In this day and age, the nature of self-esteem is sometimes confused with unrestrained praise. In fact, building your children's self-esteem requires a variety of strategies. Helping children feel good about themselves leads to success throughout their lives.
Building children's self-esteem requires making them feel loved and secure. However, it takes more than constantly telling them how wonderful they are. You need to help children build competence. When your child plays a sport, praise what they do well and be specific. Saying "You were really running fast out there" or "You have improved your shot making" gives them praise for effort and improvement. If you just say, "You were wonderful," no matter how well or poorly they did, you may teach them not to trust your praise and their own judgment. You may also create some over-the-top egoists with an unrealistic viewpoint of their abilities.
As a parent, you want to keep your child safe at all times. If you are overprotective, you keep your child from trying new things and gaining new abilities. Even letting your child learn to ride a bicycle comes with risk. You can minimize it by providing your child with the appropriate safety equipment, but you have to let them get a few bumps and bruises along the way. That philosophy is true throughout their lives. You need to encourage them to try new things and risk failure, whether it be as a candidate for school council in high school or as a fledgling entrepreneur as a young adult. A child who doesn't learn how to fail cannot have good self-esteem.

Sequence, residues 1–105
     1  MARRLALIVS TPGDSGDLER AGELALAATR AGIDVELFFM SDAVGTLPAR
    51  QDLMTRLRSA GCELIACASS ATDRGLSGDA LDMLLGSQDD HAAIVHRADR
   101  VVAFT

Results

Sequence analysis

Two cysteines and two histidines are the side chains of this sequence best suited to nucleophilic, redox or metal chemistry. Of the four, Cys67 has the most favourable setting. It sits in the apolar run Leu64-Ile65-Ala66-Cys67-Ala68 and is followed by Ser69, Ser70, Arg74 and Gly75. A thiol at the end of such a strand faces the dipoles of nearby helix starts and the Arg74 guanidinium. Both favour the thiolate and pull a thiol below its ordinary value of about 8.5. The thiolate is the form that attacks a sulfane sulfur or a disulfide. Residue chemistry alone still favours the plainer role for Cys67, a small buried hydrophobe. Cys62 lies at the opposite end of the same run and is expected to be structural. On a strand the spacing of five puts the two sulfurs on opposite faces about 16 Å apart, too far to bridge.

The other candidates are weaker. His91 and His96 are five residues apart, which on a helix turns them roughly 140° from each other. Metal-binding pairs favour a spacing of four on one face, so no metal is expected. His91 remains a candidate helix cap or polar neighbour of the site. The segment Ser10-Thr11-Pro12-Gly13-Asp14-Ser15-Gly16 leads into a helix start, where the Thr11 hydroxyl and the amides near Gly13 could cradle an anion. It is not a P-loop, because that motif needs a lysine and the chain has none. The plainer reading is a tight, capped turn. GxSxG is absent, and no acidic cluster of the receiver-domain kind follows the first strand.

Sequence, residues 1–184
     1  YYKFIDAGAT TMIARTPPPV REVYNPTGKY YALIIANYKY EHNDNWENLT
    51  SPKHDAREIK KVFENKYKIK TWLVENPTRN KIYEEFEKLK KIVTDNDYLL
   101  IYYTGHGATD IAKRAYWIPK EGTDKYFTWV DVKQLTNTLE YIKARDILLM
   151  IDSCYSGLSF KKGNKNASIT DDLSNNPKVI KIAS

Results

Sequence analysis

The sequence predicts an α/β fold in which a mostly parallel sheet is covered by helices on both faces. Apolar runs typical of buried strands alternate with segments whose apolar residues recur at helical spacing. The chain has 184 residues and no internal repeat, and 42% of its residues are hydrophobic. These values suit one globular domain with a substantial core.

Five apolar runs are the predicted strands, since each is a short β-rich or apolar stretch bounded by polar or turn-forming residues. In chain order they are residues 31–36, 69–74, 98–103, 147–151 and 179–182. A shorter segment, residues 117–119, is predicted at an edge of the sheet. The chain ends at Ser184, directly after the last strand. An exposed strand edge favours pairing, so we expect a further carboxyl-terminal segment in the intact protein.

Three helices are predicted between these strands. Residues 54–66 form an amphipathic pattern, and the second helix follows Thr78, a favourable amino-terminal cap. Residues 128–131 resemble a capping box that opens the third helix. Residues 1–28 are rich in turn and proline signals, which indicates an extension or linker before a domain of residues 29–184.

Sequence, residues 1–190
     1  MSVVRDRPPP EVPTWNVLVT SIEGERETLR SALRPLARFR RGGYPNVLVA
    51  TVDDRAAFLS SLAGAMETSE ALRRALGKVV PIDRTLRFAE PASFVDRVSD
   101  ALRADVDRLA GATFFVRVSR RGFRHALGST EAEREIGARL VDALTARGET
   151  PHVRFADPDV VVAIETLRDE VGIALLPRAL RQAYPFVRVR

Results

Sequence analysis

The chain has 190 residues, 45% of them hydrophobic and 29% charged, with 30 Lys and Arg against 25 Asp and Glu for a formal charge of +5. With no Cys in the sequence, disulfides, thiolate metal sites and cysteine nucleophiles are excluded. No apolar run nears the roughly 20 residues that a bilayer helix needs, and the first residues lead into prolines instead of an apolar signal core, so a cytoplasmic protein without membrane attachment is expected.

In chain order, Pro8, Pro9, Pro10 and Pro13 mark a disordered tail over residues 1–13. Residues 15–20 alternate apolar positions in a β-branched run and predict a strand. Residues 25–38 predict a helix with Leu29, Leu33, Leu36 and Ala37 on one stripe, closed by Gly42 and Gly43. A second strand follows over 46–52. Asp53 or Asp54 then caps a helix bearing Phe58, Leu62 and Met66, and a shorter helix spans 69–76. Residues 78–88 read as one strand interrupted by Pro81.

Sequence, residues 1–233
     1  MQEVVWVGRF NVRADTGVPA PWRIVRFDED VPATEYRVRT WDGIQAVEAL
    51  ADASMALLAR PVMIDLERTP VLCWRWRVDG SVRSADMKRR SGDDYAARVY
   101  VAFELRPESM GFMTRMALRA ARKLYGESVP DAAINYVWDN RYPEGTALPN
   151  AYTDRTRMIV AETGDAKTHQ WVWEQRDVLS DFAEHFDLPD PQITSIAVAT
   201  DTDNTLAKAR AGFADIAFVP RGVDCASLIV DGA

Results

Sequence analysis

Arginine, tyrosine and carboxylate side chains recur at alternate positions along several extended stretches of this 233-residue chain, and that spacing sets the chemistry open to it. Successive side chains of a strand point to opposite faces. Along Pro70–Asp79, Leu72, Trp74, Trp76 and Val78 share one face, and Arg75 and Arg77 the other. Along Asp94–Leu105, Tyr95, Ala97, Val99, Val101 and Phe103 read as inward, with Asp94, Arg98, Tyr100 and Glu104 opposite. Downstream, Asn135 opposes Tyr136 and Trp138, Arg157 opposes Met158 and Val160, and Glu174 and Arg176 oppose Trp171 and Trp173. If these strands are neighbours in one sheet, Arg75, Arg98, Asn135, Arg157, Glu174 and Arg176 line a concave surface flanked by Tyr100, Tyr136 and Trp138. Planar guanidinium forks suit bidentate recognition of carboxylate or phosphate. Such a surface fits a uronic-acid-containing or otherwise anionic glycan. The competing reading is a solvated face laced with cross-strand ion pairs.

Positive Home Environment
Kids need a physically and emotionally safe place to live. They must have a home that is free of violence and constant arguments. They need love and affection that is freely given. If they do not get these things, they feel out-of-control and vulnerable. Children who have no safe place are unlikely to develop healthy self-esteem. When children are secure, they are better able to learn new skills.
All parents want their children to have good self-esteem, but they do not always know how to help them develop this trait. Overpraising children does not teach them competence or a realistic sense of their abilities. Genuine feedback given in a safe and loving environment along with permission to take risks can help children feel good about themselves in a healthy way. For more information on building self-esteem in children, tlak to a center like Aikido Northshore.